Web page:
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Dodgers keeping it close to start 2nd half

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  • AP
    Los Angeles Dodgers' Yasiel Puig (66) and Mark Ellis high-five after scoring on a double by Hanley Ramirez during the fifth inning of a baseball game against the Arizona Diamondbacks

LOS ANGELES >> Boosted by rookie Yasiel Puig and Hanley Ramirez, the Los Angeles Dodgers climbed from last to second in the NL West at the All-Star break. A healthy Matt Kemp is expected back in the lineup soon.

The Dodgers open the second half of the season Friday night at Washington, the start of a six-game trip that includes three games in Toronto. The Dodgers are within 2½ games of first-place Arizona in the NL West after trailing the Diamondbacks by 9½ games in June.

They are 17-5 — the majors’ best record — since June 21, when they were a season-worst 12 games under .500.

That’s when manager Don Mattingly was on the hot seat, facing rumors that his job was in jeopardy. Injuries to Ramirez and pitcher Zack Greinke, the offensive struggles of Kemp and Andre Ethier, and losing pitchers Chad Billingsley and Josh Beckett to season-ending surgeries only added to their woes.

The Dodgers used the disabled list 22 times in the first half.

“We started off as bad as you could imagine,” second baseman-outfielder Skip Schumaker said. “To be where we are, still in this race, is huge. Our pitching is there. As long as we can keep our lineup healthy, we’re going to be OK.”

The Dodgers are surging, having gotten to 47-47, and starting to emerge as the power many expected them to be in spring training.

A year ago, they were 47-40 and had a half-game lead in the NL West at the break only to lose four of their first five games afterward and miss the playoffs.

Puig’s arrival on June 3, the return of a healthy Ramirez a day later and an improved bullpen have quieted the chatter about Mattingly’s future.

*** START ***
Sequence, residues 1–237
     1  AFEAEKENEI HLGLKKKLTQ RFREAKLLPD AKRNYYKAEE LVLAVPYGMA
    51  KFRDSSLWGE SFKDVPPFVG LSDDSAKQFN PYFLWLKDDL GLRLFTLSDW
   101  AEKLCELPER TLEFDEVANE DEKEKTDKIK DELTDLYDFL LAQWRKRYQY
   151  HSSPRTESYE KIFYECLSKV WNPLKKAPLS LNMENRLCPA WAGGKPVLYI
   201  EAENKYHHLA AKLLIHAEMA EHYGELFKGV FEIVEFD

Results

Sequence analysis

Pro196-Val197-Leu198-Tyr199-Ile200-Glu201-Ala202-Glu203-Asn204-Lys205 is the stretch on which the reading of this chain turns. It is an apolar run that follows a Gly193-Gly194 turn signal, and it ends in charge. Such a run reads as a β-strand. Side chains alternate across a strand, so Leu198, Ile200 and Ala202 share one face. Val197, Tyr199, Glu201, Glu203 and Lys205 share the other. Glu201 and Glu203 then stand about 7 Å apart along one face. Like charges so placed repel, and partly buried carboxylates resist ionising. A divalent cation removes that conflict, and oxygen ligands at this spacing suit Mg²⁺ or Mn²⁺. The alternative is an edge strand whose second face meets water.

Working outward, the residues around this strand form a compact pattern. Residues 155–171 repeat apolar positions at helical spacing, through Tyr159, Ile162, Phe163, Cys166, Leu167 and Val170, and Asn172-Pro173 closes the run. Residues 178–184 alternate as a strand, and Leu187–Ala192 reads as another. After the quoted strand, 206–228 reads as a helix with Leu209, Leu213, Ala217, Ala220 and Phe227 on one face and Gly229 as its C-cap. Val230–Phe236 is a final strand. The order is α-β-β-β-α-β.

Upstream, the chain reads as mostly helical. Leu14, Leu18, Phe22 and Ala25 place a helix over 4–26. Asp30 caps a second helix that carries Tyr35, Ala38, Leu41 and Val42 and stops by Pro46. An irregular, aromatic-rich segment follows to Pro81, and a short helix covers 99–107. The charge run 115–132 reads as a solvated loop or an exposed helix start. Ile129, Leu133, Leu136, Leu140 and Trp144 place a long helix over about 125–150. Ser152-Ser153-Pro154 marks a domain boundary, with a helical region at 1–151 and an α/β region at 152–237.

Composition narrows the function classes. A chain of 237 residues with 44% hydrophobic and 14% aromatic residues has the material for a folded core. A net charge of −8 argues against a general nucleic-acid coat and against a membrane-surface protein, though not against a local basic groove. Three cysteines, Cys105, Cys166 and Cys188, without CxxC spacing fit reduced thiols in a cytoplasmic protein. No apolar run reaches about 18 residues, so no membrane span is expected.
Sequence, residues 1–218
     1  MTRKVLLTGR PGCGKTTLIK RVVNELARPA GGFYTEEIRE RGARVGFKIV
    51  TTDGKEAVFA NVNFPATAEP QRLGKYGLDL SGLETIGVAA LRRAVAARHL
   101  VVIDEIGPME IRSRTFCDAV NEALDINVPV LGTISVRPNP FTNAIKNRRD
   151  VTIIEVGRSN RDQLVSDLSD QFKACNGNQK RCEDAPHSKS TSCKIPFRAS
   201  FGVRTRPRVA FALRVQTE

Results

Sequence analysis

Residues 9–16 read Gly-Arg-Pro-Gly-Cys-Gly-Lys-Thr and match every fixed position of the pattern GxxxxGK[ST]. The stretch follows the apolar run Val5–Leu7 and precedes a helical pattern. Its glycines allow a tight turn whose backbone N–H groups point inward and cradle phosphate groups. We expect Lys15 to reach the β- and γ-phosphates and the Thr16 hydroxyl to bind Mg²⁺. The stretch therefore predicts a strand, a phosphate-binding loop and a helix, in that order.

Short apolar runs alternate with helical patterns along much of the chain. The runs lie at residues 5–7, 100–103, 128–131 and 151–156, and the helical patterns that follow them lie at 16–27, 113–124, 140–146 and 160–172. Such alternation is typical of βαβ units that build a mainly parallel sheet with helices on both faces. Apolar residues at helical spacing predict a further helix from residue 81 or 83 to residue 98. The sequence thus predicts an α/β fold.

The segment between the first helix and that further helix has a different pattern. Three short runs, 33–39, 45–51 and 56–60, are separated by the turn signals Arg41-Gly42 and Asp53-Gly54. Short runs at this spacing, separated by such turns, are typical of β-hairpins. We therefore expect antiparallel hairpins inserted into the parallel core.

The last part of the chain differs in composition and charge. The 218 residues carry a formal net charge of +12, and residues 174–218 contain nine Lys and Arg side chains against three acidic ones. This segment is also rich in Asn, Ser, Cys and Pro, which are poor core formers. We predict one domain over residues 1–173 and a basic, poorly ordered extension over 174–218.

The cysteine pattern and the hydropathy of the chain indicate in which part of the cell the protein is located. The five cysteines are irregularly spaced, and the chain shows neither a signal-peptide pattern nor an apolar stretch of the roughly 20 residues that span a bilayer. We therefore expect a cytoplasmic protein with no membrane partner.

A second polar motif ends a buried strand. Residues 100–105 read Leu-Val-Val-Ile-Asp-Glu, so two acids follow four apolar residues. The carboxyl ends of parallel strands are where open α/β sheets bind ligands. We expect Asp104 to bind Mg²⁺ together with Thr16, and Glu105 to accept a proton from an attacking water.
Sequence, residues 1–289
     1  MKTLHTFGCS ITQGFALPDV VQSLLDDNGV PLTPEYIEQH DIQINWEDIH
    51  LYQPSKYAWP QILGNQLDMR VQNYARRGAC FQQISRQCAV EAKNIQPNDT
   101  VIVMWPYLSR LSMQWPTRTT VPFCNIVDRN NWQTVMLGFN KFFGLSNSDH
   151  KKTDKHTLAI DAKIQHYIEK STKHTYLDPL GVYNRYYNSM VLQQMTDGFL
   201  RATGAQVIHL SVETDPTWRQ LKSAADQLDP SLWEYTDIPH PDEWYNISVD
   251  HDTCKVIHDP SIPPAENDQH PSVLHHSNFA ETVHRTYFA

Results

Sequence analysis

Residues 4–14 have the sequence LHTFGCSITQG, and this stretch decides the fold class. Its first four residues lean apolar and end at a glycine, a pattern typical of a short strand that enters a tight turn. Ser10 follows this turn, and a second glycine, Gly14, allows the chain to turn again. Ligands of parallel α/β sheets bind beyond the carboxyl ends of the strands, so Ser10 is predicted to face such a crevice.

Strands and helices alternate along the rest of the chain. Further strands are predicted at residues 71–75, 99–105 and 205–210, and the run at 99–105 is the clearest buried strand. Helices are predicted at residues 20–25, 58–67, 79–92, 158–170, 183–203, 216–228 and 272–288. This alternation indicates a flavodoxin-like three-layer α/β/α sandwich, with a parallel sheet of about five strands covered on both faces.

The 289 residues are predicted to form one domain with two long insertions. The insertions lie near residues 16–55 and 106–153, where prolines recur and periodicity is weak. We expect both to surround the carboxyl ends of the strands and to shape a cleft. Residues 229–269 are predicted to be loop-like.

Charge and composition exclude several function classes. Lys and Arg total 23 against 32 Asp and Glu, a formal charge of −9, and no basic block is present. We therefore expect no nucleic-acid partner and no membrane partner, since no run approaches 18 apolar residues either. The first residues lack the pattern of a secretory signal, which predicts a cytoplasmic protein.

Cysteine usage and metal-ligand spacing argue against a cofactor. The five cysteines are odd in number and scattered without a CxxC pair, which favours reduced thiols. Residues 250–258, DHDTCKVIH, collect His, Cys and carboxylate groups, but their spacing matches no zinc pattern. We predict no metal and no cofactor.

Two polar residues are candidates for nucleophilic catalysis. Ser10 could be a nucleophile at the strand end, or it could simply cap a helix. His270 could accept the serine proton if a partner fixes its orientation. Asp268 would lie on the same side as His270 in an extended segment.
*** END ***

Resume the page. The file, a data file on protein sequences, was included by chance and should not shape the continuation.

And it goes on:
“We got healthy, started swinging the bats and started playing better. They preserved through this. The guys have hung in there,” the manager said.

Puig created a sensation on the field, with his .391 batting average in his first 38 major league games. He has 19 RBI and eight homers, and finished runner-up in fan voting for the last NL roster spot in the All-Star game. Puig spent part of the break partying at the Playboy Mansion and presenting at the ESPY Awards.

The 22-year-old Cuban defector had an effect in the clubhouse, with his enthusiasm rubbing off on his teammates.

“Yasiel brought a ton of energy to us and Hanley was right with him,” Mattingly said.

Ramirez was hitting .386 with 25 RBI and eight homers in 39 games, while Adrian Gonzalez hit .297 with 59 RBI and 14 homers before the break.

Puig and Ramirez’s averages are the highest marks for a Dodger player at the break, eclipsing Mike Piazza’s .377 average in 1995.

Clayton Kershaw, the Dodgers’ lone All-Star, returns from the break with an 8-6 record and 1.98 ERA. Greinke is 8-2 with a 3.49 ERA, while South Korean rookie Hyun-Jin Ryu is 7-3 with a 3.09 ERA.

The four-day break came at a good time for some of the Dodgers. Puig was nursing a sore left hip, Carl Crawford didn’t start four straight games because of a stiff lower back, and Mark Ellis had a bruised left leg.

Kemp has struggled to stay healthy, with two stints on the DL this season. He has been shelved since July 6 with joint inflammation in his left shoulder, although Mattingly expects him back after possibly playing a couple of rehab games.

“Getting everybody back will be key,” Gonzalez said. “We got a pretty darn good rotation and the bullpen has settled in nicely. If we continue to play good baseball when we come back, we’re going to be in good shape.”

The Dodgers won’t play a division rival again until Aug. 30, when San Diego comes to town. Mattingly has cautioned his team that it’s a short second half and they can’t afford to start sluggishly. They scored just two runs in their last three games before the break.

“We haven’t really accomplished anything but get ourselves back in it,” he said. “We’re in position and kind of have it in our own hands. If we play well, we got a good shot.”

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